AIG: The Fifth Horseman?

The recent global financial crisis has added 100 million more to the ranks of the world’s undernourished, according to the FAO.  Doubtless Paul Ehrlich is saying “I told you so.”  But it may be a little soon to dust off your copy of Malthus.  The trend remains towards the tubby.  There are as many people overweight as malnourished (around one billion) and 300 million of them classify as obese.  Many of those overweight live in the same household as an undernourished child.  Within such homes as on a global scale, the problem is one of distribution, not absolute shortages. 

Furthermore, the good Reverend Malthus’ model just doesn’t fit the facts.  No country worldwide exhibits the characteristics that Malthus suggested –stagnant output, rising populations leading to income decline and rising income fostering population growth.   Only one country in the World has seen domestic product grow more slowly than 0.5 percent a year since the 1960s.  Fertility rates are declining and health is improving almost everywhere.   And populations have expanded in counties slow and fast-growing alike.  The global spread of a range of technologies and innovations, fostered by an unprecedented rollout of education, has broken the link between land area and limits to output as much as it has improved the quality of life worldwide.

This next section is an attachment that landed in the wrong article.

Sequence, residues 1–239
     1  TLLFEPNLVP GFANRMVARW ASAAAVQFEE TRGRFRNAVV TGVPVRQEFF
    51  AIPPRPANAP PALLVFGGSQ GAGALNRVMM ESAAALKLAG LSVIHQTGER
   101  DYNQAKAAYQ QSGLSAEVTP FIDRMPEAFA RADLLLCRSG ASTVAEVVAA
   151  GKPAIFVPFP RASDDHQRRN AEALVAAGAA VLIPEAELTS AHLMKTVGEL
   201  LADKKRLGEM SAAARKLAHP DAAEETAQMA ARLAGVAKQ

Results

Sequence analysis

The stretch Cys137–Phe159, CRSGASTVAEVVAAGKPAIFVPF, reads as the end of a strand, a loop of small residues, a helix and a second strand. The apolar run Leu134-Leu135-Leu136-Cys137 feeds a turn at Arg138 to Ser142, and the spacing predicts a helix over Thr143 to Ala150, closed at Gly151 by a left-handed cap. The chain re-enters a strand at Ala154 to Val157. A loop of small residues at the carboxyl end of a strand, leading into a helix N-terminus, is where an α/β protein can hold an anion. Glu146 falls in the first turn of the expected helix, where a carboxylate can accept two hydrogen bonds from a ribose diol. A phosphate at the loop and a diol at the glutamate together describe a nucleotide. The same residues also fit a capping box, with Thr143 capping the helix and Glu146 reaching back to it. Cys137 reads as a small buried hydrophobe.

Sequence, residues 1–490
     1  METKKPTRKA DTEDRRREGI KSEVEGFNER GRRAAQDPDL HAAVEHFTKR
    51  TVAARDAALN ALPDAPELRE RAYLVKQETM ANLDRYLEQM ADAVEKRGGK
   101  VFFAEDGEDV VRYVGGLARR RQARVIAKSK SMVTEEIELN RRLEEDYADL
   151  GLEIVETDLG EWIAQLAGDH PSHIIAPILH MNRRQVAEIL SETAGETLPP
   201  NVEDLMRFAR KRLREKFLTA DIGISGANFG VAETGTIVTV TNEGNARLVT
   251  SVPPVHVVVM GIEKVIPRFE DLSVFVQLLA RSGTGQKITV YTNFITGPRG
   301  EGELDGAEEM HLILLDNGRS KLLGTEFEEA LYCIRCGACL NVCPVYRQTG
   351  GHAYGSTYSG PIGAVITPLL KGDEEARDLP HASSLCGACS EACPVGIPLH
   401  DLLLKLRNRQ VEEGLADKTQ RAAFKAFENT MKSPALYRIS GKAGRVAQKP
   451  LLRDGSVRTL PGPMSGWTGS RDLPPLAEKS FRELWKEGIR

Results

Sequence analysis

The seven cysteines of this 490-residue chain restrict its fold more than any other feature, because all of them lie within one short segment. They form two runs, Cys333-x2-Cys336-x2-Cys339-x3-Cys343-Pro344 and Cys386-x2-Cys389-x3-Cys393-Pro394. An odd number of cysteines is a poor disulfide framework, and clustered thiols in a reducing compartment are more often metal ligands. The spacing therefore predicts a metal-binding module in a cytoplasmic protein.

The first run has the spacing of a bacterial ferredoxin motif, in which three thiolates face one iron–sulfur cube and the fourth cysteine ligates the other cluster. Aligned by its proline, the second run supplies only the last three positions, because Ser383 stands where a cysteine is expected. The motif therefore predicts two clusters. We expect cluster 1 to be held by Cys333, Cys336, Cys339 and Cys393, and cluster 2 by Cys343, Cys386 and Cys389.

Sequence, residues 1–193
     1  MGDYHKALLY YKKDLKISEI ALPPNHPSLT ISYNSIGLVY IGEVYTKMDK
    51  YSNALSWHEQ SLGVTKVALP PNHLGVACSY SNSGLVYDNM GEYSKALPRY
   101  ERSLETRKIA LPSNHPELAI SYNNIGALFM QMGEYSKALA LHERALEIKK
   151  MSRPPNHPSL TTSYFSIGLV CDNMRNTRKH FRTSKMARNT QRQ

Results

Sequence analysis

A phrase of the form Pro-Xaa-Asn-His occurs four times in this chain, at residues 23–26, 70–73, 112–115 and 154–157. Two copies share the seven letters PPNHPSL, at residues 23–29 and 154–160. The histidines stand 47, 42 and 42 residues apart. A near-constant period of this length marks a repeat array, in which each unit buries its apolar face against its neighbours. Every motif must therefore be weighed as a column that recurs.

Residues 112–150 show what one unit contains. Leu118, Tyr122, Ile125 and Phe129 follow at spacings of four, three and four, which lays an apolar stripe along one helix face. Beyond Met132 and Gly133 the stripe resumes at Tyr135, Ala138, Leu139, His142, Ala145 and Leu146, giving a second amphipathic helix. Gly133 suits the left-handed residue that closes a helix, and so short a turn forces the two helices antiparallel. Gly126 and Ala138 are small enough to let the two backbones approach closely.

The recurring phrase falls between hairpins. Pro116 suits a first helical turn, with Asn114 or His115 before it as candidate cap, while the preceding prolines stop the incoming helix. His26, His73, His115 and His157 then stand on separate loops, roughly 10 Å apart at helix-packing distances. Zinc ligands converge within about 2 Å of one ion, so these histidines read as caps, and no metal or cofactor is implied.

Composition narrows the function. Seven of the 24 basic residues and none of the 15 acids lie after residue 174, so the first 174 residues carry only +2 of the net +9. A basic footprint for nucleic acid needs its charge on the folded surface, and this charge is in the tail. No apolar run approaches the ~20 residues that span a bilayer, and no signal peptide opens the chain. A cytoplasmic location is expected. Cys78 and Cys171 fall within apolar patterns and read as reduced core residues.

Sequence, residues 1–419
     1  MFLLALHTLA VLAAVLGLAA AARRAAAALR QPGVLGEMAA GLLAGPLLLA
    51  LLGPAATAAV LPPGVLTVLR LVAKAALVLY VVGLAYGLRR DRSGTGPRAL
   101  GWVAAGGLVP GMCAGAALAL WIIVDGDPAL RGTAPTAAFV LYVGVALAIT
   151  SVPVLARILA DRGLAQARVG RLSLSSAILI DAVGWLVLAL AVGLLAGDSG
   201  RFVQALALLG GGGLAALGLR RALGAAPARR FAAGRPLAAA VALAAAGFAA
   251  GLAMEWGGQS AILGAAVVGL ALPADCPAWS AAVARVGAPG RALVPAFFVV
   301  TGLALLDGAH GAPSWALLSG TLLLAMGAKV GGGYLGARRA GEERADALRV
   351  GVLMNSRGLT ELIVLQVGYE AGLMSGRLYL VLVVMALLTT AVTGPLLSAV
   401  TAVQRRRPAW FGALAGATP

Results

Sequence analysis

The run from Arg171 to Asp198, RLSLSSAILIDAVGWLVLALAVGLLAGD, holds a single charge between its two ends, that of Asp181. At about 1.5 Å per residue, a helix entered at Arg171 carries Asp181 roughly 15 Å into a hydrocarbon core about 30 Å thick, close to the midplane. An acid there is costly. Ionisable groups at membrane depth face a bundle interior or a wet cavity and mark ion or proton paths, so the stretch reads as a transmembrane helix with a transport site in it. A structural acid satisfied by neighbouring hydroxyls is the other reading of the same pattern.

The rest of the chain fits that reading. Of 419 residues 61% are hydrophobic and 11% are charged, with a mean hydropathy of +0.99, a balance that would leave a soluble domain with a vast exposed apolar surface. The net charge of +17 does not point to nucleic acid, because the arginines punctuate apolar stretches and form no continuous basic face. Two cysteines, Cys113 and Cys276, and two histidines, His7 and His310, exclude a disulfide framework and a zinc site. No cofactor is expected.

And in rich countries, a little bit of recession can actually be good for the health, as people eat better and substitute cheap entertainments like a walk in the park for expensive entertainments like drag racing.  Maybe Bernie Madoff is just a misunderstood miracle worker.

1 thought on “AIG: The Fifth Horseman?

  1. The day has started with something new! Your blog has made me think about an issue from another perspective. This is quite rare when I change my opinion about such issues but it looks that you’ve done it. Thank you!


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